We now reach the heart of the “into Practice” bit of the Frome Project story.
The early chapters dealt with the prior stories of some key people – why they fitted with their skill sets. Also, what the nature of compassion is and its centrality to human life – particularly when the chips are down for individuals. It is individuals who generate compassion – those needing it and those giving it. Organisations come into play when we see the same needs in different people and we need to put a bit of structure and process into it without losing the compassion. It is the case with Whitby and district and the organisations around the new Whitby Community Alliance and other organisations yet to hear of it but already contributing to it.
Chapter 5 deals with Compassion in Action. Examples from Frome of thinking and planning they did and measures they took. Whitby could do the same btw and The Alliance is on the way to doing that in fact without fully realising it! The importance of Frome is not that it is a textbook to be followed but it is a statement of what CAN be done. Others are on a similar path (including Guernsey we learnt working on elements of it). It is not about precisely what is done but more about how it is done – the spirit of trust and collaboration that extend up and down the apparent power ladder (authorities<>individual efforts). Top and bottom are both important – one provides resources and the other the grass roots commitment.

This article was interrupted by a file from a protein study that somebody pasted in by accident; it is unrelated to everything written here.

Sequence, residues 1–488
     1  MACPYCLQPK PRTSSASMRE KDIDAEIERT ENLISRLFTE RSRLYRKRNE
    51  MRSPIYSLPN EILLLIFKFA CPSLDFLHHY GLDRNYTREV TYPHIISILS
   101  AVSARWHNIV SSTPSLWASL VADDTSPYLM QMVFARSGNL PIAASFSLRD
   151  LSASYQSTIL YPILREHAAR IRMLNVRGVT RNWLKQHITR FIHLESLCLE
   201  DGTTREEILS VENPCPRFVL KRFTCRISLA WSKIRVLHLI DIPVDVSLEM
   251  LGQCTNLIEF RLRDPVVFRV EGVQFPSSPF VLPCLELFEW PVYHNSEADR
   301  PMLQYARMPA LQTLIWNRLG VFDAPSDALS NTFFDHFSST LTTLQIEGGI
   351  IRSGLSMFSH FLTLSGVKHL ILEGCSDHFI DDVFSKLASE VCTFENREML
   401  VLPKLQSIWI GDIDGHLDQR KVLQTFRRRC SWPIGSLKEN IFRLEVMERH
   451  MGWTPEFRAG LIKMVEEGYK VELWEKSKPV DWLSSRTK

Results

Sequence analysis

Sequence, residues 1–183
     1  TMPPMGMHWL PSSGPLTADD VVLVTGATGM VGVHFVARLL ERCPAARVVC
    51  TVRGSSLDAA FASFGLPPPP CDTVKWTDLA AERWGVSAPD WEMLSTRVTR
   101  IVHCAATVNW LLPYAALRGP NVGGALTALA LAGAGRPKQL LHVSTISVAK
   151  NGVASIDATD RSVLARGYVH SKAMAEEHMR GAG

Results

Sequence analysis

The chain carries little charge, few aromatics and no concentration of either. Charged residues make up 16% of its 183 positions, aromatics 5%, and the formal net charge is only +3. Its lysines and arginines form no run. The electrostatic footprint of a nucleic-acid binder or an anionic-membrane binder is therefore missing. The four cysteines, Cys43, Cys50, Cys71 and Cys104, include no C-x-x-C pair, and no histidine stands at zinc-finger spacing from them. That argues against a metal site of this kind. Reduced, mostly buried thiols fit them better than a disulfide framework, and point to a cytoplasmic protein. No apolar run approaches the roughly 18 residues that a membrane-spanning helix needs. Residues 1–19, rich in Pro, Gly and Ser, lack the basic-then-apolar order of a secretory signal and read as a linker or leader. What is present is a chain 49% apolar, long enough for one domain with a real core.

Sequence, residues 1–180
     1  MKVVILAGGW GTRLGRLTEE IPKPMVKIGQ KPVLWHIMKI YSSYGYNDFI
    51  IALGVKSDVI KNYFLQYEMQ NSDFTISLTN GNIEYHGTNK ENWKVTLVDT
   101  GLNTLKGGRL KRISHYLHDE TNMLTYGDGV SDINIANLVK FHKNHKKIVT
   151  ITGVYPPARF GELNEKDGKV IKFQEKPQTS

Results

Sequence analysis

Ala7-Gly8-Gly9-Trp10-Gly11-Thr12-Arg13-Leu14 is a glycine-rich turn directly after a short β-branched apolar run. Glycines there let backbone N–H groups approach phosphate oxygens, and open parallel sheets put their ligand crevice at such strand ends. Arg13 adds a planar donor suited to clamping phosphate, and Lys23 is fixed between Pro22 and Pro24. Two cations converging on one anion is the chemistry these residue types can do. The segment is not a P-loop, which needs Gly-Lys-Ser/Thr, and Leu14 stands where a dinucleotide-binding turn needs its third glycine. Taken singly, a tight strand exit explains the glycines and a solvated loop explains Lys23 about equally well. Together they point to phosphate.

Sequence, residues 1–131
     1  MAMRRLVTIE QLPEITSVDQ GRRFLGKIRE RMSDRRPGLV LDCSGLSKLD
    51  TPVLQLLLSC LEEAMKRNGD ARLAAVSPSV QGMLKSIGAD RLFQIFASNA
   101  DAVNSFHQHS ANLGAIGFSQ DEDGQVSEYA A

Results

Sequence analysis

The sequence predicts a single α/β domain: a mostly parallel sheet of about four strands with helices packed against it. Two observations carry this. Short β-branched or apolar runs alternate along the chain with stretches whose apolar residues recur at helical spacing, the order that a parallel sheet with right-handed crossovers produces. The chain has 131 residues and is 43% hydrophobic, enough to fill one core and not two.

Back to the book.
“The philosophy and practice of compassionate community development turns the the increasingly unsatisfactory method of managing human affairs on its head.” It works on two assumptions:-
- Individuals have the capacity to define and solve their own problems.
- The communities in which they come together are rich in social assets, skills and talents.
We see that working to a considerable degree in our Whitby Sheds but also in the Shed movement more widely. It is a can do atmosphere even when individuals feel they are down! Together we can. No real hierarchy and everyone having their place in it. We come across people in this area who have amazing trade skills and if we were to be cast away on the proverbial desert island they are the people I’d want to be beside!!